The narrative of the recent election is that Trump won over “forgotten Americans,” though Hillary Clinton received the most votes from households making under $50k. The MAGA voters who were fetishized in the Election Day post-mortem were white, and somehow their struggles were awarded greater currency than people who had less. Part of that is because they tipped a vital election by being located in certain states which gave them a certain political capital, but the truth is their skin color fit into the noxious demagoguery of the campaign season.
I’ve published a couple of posts about the new Case-Deaton paper about morbidity and mortality, which tries to divine the reason for middle-aged Caucasians enduring a “great die-off.” The report has not yet been peer-reviewed, and in Pacific·Standard, Mark Harris pushes back at the findings, arguing the research is marked by suspect methodology (above my head) but also that it misleadingly fixates on white Americans who still enjoy healthier and wealthier lives across the board than, say, African-Americans. The latter group has a significantly shorter lifespan than their white counterparts.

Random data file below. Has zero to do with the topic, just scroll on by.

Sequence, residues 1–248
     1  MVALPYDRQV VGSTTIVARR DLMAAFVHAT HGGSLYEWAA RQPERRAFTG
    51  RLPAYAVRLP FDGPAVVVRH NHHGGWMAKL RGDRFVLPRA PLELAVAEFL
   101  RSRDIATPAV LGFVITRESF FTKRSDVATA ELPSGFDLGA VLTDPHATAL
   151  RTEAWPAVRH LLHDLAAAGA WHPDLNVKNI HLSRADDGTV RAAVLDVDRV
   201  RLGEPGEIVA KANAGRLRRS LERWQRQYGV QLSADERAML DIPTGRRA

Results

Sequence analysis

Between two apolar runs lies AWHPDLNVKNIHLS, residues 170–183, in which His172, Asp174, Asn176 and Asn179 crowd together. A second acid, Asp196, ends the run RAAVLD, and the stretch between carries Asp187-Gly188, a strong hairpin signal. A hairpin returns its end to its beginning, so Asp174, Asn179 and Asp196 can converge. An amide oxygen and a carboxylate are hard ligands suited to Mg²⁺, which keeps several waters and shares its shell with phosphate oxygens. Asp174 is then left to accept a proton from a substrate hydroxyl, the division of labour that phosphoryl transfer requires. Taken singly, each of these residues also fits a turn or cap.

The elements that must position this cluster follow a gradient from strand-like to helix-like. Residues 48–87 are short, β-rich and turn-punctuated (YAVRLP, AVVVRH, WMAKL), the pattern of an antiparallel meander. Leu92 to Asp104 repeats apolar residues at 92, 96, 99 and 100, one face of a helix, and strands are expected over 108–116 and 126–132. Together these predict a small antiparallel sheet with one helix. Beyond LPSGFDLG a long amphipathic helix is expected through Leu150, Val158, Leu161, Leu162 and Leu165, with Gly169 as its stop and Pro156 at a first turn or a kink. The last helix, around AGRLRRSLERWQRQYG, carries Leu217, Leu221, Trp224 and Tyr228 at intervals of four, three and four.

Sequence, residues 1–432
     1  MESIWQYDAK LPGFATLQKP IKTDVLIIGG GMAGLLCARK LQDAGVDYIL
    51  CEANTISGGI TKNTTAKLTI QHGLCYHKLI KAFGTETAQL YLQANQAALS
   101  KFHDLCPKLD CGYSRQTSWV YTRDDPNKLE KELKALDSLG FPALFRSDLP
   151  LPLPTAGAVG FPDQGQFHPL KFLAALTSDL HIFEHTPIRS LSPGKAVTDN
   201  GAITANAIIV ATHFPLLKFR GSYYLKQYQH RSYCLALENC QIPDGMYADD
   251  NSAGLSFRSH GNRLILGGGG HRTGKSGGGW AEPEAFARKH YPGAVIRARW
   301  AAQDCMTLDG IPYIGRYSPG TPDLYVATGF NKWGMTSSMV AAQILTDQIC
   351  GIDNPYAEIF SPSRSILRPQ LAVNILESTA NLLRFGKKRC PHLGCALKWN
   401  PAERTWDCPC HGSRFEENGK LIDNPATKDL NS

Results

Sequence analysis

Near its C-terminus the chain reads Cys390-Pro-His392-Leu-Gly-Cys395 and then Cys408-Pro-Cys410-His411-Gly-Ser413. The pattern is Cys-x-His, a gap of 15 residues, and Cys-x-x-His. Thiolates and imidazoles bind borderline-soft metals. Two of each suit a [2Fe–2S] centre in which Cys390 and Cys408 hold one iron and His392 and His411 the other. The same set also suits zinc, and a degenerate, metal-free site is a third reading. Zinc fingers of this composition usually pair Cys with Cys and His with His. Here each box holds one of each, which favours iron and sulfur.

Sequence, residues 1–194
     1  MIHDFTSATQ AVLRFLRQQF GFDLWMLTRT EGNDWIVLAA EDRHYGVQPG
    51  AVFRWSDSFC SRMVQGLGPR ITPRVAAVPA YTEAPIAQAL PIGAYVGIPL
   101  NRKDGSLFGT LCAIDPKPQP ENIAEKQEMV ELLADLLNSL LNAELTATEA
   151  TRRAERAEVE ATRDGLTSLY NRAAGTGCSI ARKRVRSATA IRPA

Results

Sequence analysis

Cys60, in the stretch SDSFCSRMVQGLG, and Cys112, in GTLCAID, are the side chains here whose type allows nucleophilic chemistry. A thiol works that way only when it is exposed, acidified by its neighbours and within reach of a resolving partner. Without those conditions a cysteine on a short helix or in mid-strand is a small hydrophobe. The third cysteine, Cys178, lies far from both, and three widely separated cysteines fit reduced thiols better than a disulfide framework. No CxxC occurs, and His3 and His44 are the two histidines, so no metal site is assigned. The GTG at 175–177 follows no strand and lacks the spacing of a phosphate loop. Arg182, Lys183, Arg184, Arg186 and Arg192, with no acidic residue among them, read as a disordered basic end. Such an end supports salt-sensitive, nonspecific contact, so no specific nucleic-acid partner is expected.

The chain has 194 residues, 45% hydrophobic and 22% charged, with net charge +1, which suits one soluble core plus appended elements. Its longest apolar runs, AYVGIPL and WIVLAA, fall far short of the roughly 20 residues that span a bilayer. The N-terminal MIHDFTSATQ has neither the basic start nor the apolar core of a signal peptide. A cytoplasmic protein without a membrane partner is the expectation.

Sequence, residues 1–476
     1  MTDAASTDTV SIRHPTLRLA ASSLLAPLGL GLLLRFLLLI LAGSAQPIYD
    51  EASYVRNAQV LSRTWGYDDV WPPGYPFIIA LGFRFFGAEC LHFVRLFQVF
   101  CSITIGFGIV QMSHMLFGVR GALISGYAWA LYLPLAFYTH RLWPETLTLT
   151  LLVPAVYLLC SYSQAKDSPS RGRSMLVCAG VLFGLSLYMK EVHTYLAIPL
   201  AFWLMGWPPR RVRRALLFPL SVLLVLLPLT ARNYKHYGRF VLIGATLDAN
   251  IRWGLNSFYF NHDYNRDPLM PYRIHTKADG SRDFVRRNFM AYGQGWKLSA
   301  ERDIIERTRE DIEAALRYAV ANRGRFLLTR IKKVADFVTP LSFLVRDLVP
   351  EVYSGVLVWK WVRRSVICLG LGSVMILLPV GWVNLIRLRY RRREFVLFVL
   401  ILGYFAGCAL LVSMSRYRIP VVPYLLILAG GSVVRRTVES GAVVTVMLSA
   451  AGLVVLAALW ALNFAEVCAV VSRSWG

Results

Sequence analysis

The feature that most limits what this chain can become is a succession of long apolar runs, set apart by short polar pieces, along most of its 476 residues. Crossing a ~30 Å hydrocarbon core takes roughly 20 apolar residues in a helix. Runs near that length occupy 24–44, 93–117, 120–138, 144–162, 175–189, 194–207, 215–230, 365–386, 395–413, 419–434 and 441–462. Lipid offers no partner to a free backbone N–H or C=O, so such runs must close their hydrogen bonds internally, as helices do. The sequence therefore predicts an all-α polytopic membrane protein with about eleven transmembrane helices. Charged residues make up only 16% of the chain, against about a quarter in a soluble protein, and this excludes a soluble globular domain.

If the trend lines truly show one race making progress and another faltering, even if the declining group is richer, it’s certainly valuable to report as much so that we can attempt to stem a serious problem. The danger, however, is that attention will be pulled from those who need it most because of a compelling story line.
Dubious methodology aside, there is still some useful information in the Case and Deaton report. America does seem to have a serious problem ensuring longevity for its population as compared to its peer nations. But, though the international perspective is the strongest part in their paper, it’s not what the researchers or the newspapers led with. Why put the statistical alchemy in front? Why is the story more dramatic or attractive when it’s about white people?
Mistakes and missteps also propel social science forward, as the Olshansky paper did. Still, Case and Deaton didn’t publish their findings in a peer-reviewed public-health journal, at least not first. Brookings is a center of political influence in Washington, and I have no doubt that Capitol Hill staffers have already written up their briefs on the report and passed them to their bosses — that is, if they work half as fast as Internet journalists do.
By the time it makes its way to the top of the policymaker food chain, how will this report be understood? I’d wager it’s something like the Brookings blog headline: “Working Class White Americans Are Now Dying in Middle Age at Faster Rates Than Minority Groups.” I asked [Arline] Geronimus if that was, to her understanding, a true statement: “I think that’s misleading, I really do. Oh boy,” she laughs, “there’s so much wrong with that. That headline makes it sound like problems are worse for white Americans than black Americans.” The narrative is wrong, but it’s not the first time Geronimus has heard it since the election. The Case and Deaton paper, she says, fits conveniently in this story, and it’s one she fears Americans are primed to believe.•